If a face can launch a thousand ships and a picture's worth a thousand words, then what superlative can we use to describe the art form which is Barcelona F.C.? The greatest soccer show on earth visited London this week as the Spanish champions sought to secure a place in the semifinal of the Champions League.
And when ninety minutes of enthralling football was done, even the most stubborn of experts were found wanting for words to categorize what they had just seen.
Arsenal, the other half of the equation, are accustomed to visiting upon their domestic opponents the same sort of humiliation as the Spaniards imposed upon them on Wednesday evening.
The Gunners were enslaved for most of the evening at the Emirates Stadium as everyone in yellow wrote themselves into the memory with one of the most compelling displays ever. Don't get me wrong, there have been better performances from the Catalans (the greatest from any team in this writer's lifetime being Barca's 6-2 thrashing of Real Madrid on their own patch last year), but this one was almost as mesmeric while it lasted.
Gol TV (a pay soccer channel) is where Barcelona may be seen each week. The channel is also home to former professional player and DC United coach Ray Hudson, who calls the plays from La Liga. The ex-Newcastle United midfielder has, on many occasions, labeled Barcelona as the greatest team on the planet, using terms such as "heavenly", "imperious", and "majestic" to describe the fare they produce.
Hudson is spot on in his assessment of the reigning European champions -- his ultra colorful comments and the wizardry of the team from Camp Nou making the perfect marriage.
Against Arsenal, Barcelona passed the ball in wondrous ways, from their Brazilian full-backs Dani Alves and Maxwell to Xavi, Keita and the roving Pedro in midfield. The world's greatest player, Argentina's Lionel Messi, was everywhere: turning up like a ghost to haunt the home team on the left, on the right, and bang in front of goal, while the imposing figure of Swedish international Zlatan Ibrahimovic was also a constant menace.
Every pass from the Spaniards was short and purposeful, reducing tens of millions of dollars of talent in the red and white shirts to mere spectators for most of the evening.
But in typical Barcelona fashion they took their foot off the gas and allowed their opponents back into the contest.
And ironically, after the short passing game had manufactured a procession of chances for the visitors, Barca took the lead via a long ball from Gerard Pique -- Ibrahimovic lobbing the confused Manuel Almunia from 25 yards -- and followed that with a power finish from the Swede. But Theo Walcott was allowed to roam down the right and the England international netted a fine individual goal. Cesc Fabergas gave the final score line a false appearance (2-2) with a late penalty.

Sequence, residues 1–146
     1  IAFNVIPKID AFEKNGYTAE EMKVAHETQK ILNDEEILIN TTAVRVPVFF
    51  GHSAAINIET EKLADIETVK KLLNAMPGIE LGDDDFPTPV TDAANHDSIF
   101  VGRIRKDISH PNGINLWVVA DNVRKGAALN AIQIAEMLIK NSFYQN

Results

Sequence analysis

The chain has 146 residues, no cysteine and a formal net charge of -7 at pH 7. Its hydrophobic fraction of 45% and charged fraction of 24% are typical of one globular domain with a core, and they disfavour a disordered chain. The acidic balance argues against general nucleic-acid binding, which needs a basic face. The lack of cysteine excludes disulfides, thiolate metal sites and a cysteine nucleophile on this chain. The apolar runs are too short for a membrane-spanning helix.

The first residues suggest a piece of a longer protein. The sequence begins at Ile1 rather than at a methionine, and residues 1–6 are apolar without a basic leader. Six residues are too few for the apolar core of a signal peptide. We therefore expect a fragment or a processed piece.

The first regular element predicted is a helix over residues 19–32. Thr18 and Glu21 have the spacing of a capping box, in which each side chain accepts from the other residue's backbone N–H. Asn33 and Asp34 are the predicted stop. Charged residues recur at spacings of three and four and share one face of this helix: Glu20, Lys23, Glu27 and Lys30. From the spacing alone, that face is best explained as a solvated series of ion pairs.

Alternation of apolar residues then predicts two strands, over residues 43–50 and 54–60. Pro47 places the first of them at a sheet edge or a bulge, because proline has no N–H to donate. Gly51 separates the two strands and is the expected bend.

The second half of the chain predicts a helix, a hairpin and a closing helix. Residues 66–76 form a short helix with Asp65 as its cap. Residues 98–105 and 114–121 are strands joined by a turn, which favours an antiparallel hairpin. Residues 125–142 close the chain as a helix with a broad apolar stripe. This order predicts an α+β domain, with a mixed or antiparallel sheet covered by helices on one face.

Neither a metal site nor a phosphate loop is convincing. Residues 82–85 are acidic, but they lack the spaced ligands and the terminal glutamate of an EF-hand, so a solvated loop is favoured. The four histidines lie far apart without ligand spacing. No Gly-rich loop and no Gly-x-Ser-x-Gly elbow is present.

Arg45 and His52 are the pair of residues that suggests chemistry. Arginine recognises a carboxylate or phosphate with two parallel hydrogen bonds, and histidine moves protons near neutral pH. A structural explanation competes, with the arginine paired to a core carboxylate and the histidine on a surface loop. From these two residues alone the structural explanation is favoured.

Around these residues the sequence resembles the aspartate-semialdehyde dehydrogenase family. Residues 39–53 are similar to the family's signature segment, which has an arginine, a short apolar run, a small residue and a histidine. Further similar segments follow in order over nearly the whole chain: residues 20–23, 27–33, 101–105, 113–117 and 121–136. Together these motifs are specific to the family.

There are still those who will criticize Barca for their failure to defend leads and close out games. There will also always be those so blind that they'll never see beauty, the type of beauty which reduced Arsenal fans to tears and is worthy of any time capsule depicting soccer in 2010.
Speaking of his team's performance in London and looking forward to their weekend date with Athletic Bilbao, Barcelona coach Pep Guardiola said:
"It is the team's objective to maintain tone. We are on a very good trajectory, but there are also a lot of factors that influence this play: that the other team plays the ball, the state of the pitch, etc... tomorrow (against Bilbao, a game Barcelona won 4-1) we cannot go out waiting to repeat the same sort of performance."
"That the other team plays the ball" surely won't be a concern at the Bernabeau this coming Saturday (April 10), when Real Madrid host Barca in a contest pivotal to the destination of this season's Spanish championship.
In between there is the return leg of Barca's tie with Arsenal (Tuesday, April 6, on FOX Soccer Channel) while Manchester United's bid to overturn a one-goal deficit versus visiting Bayern Munich (the following day on FSC) will also peak interest among local fans.
Inter Milan have a big job to do in Moscow, while Lyon should have enough in reserve to see off the challenge of Bordeaux in the other Champions League quarterfinal.
This time last year we were left with dropped jaws following Barcelona's defeat of Chelsea at the semi-final stage of the Champions League. A year on we remain mesmerized by this team which has reached the pinnacle of the sport and, ludicrous as it sounds, seems incapable of a bad performance.
We are privileged to live in the era of Barcelona F.C. -- I hope you will join me in confirming the Spanish aristocrats of soccer as the greatest team of all time.
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